[LINK] On Clicks, Paywalls and the Survival of Jouralism

stephen at melbpc.org.au stephen at melbpc.org.au
Tue Nov 1 17:17:48 AEDT 2011

Thanks for forwarding Karen's behind-the-scenes peek Roger & your comments

Another aspect to journalism in future may be one of more crowd-sourcing 
of news etc. Though this will obviously also become a double edged sword, 
in terms of a boon for lazy journalists no long pounding their beat it'll
also allow professional journalists such as Karen more time in the office
to research and background crowd-sourced news and commentary. Maybe even,
with future apps, encourage anonymous wiki-leaks type news etc tips? But,
inevitably, the role of journalism and news publishing will surely change
and adapt, but, this growth may well lead to even better news services.

"Newsforce app for readers to contribute to news"  October 31st, 2011.

Advertiser Newspapers Pty Limited have launched a phone app to allow 
readers to share news tips, video and photos with the newsrooms of the 
Advertiser, Sunday Mail and Adelaide Now.

The announcement:

Make the news – with NewsForce

Introducing NewsForce – the new, simple way to send news tips, video and 
photos. The smartphone app allows readers to become part of South 
Australia’s news and share their content with newsroom of The Advertiser, 
Sunday Mail and AdelaideNow.

Launching today, the NewsForce smartphone app is free to download at the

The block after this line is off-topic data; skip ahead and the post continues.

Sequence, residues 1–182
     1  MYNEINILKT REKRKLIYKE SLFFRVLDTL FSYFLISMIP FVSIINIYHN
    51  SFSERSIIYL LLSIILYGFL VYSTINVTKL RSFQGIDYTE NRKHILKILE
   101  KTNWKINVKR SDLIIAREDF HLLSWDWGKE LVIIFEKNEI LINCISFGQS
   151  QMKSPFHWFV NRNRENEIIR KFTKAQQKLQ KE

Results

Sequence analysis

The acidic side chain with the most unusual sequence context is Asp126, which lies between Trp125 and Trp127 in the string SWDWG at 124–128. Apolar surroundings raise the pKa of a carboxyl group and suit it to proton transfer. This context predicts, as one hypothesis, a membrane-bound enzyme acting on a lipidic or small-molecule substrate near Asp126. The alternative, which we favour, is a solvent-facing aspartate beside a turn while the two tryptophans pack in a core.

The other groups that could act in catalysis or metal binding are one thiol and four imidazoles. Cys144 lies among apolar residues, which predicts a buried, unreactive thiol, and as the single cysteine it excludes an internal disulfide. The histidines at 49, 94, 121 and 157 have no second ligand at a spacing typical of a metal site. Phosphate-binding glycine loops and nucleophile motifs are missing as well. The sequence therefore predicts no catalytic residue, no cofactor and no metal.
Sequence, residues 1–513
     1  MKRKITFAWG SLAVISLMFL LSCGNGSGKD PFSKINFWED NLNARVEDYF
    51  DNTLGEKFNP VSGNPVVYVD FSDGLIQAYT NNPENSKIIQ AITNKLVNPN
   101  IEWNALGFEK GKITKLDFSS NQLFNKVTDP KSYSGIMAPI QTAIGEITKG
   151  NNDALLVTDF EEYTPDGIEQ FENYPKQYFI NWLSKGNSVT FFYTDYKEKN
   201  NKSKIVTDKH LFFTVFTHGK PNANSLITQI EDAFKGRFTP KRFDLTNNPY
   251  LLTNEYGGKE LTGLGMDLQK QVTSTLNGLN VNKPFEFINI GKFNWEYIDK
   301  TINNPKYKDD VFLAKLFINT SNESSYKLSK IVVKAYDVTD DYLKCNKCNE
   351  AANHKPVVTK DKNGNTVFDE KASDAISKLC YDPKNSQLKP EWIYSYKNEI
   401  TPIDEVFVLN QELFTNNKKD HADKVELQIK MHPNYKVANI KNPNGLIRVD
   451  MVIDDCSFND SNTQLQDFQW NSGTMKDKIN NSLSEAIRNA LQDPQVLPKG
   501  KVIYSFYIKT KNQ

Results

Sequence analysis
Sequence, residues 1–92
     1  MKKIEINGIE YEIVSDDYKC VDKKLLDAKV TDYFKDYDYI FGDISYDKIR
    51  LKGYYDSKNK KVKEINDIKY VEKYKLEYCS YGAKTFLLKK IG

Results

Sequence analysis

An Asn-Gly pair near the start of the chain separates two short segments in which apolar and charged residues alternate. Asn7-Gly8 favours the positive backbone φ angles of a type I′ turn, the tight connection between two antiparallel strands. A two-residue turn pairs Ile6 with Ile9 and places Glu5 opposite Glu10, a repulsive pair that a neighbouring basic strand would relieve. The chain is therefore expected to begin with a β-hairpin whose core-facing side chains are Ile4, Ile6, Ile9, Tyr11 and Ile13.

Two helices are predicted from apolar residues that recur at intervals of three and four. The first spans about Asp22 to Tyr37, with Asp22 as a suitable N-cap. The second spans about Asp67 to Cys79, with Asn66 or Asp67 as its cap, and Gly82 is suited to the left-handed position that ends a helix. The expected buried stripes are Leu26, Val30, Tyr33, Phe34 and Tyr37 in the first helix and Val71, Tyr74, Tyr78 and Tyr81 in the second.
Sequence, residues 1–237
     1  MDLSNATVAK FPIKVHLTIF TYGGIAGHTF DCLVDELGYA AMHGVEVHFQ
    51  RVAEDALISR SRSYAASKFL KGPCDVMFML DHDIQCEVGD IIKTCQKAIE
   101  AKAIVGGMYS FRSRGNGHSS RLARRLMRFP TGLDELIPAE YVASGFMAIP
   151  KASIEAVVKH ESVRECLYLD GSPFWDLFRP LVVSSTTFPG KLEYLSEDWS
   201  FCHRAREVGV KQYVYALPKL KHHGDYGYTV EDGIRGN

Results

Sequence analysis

App store and Android Market, giving readers the opportunity to easily 
share news on the move and see their contribution published across The 
Advertiser, Sunday Mail and AdelaideNow.

In the past year, Advertiser NewsMedia has experienced an increase in 
user-generated content – from people on the spot at serious news events; 
to photos and videos that share the lighter side of life in South 

“The NewsForce app will make it much easier for readers to become 
involved and engaged, providing them with a sense of ownership” said Mel 
Mansell, Editor, The Advertiser. 

“The first of its kind in the country, the development of NewsForce 
demonstrates the commitment of Advertiser NewsMedia to use state of the 
art technology to better engage with the community.”

Designed by Advertiser NewsMedia in collaboration with Okado and 
Teknograd, NewsForce will be promoted with a press and online campaign 
from Monday October 31.

To download NewsForce head to iTunes, with Android Market available soon. 

Those without a smartphone haven’t been forgotten either, with a 
NewsForce page set up on AdelaideNow, www.adelaidenow.com.au/newsforce to 
allow readers to easily share their content.

Source: Advertiser NewsMedia press release

October 31st, 2011 at 1:26 pm 

> Karen Dearne dropped me a note which sums up very well 'the quandary 
> of the news junkie'.  The Oz has been feral in its political pages in 
> recent times, but some parts of the paper continue to publish 
> well-researched and well-written articles.  There has to be a reason